Gifts from the Thunder Beings examines North American Aboriginal peoplesa use of Indigenous and European distance weapons in big-game hunting and combat. Beyond the capabilities of European weapons, Aboriginal peoplesa ways of adapting and using this technology in combination with Indigenous weaponry contributed greatly to the impact these weapons had on Aboriginal cultures. This gradual transition took place from the beginning of the fur trade in the Hudsonas Bay Company trading territory to the treaty and reserve period that began in Canada in the 1870s. Technological change and the effects of European contact were not uniform throughout North America, as Roland Bohr illustrates by comparing the northern Great Plains and the Central Subarcticatwo adjacent but environmentally different regions of North Americaaand their respective Indigenous cultures. Beginning with a brief survey of the subarctic and Northern Plains environments and the most common subsistence strategies in these regions around the time of contact, Bohr provides the context for a detailed examination of social, spiritual, and cultural aspects of bows, arrows, quivers, and firearms. His detailed analysis of the shifting usage of bows and arrows and firearms in the northern Great Plains and the Central Subarctic makes Gifts from the Thunder Beings an important addition to the canon of North American ethnology.... caribou migration, when the rivers were still frozen, fences or hedges were built with openings that contained snares to catch the animalsa#39; heads. ... togeather, a they also make snares of the Sinnewa#39;s of beast after the same manner, they then make a hedge for one or ... they then Leave them when the Deer being pursued by the Natives other waya#39;s they strive to go thro these Vacant places, by whichanbsp;...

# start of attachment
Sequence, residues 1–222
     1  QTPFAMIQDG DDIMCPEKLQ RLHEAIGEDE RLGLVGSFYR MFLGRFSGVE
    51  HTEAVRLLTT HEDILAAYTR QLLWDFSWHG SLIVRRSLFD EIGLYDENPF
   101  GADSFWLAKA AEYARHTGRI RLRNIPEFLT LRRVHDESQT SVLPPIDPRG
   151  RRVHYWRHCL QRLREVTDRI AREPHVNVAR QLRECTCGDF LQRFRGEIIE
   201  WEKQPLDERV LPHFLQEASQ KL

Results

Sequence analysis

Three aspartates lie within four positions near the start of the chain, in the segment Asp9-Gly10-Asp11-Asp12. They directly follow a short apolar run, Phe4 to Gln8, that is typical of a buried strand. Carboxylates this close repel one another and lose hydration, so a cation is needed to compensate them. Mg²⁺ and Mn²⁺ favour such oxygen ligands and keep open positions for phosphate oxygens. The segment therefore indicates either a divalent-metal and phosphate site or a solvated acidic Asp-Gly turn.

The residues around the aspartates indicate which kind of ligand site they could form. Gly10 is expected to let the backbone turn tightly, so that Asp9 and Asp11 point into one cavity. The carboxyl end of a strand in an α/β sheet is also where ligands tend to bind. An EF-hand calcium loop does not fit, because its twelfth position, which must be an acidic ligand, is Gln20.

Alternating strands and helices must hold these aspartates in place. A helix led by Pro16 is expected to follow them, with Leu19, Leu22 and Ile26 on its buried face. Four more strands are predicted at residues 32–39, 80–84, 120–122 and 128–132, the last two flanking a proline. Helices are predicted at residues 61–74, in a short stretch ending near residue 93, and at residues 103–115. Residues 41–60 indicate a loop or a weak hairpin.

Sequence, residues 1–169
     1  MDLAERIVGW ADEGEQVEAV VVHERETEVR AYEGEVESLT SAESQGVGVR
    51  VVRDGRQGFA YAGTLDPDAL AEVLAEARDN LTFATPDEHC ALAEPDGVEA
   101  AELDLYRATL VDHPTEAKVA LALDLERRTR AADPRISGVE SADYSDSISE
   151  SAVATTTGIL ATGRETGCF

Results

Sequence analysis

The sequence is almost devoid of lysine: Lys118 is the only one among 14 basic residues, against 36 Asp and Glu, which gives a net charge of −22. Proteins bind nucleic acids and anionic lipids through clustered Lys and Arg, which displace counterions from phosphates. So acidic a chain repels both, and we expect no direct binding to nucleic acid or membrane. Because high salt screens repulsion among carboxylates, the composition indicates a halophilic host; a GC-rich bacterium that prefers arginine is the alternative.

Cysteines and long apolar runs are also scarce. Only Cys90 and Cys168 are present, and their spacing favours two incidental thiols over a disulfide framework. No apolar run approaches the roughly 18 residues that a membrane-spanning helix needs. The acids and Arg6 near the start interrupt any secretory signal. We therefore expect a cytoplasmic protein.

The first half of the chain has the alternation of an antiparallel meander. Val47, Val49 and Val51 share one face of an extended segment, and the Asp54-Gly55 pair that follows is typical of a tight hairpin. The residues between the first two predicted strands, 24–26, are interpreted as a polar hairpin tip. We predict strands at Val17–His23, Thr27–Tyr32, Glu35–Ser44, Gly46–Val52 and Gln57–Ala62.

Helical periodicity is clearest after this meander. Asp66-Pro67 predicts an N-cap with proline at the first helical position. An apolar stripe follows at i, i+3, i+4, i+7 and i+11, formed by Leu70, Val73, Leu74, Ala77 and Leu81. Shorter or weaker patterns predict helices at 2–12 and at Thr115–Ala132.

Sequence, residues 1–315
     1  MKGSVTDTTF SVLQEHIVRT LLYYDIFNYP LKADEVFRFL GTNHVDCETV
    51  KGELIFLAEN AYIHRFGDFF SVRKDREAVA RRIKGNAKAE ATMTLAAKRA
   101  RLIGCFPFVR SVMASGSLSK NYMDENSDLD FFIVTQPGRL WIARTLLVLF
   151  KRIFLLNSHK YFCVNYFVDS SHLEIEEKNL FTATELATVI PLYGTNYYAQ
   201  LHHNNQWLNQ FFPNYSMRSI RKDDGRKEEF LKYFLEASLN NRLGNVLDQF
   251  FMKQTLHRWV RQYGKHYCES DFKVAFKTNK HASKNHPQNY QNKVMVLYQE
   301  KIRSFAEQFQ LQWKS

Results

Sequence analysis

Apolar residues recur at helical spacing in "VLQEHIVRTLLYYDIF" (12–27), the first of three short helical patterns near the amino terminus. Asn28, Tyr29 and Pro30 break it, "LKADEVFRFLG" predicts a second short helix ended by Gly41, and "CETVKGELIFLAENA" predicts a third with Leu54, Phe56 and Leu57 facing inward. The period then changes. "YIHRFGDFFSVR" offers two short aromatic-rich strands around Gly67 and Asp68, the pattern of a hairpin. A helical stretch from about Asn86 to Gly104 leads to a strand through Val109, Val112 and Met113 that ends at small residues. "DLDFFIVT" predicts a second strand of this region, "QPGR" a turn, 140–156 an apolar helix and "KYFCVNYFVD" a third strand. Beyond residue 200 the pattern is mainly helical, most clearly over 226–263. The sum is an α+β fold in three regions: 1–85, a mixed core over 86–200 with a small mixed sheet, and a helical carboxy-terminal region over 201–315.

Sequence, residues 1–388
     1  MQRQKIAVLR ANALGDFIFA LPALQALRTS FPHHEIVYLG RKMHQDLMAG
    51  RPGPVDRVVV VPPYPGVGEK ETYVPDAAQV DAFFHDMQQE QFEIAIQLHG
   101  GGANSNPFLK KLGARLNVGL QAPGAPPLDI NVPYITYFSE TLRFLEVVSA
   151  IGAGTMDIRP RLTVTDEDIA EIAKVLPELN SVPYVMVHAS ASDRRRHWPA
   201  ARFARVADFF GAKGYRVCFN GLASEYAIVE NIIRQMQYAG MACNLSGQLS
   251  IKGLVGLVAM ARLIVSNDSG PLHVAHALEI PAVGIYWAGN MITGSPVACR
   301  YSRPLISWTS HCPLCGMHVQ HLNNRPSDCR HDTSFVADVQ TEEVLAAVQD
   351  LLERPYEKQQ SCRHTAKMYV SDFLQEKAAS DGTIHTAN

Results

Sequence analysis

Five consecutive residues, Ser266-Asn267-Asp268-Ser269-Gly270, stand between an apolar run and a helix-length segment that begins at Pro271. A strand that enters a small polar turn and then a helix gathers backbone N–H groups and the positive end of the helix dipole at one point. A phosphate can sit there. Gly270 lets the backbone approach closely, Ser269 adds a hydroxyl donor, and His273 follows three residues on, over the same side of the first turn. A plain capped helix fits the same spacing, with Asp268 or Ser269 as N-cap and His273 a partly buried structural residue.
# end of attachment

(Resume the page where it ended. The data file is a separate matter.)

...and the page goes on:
|Title||:||Gifts from the Thunder Beings|
|Publisher||:||U of Nebraska Press - 2014-05-01|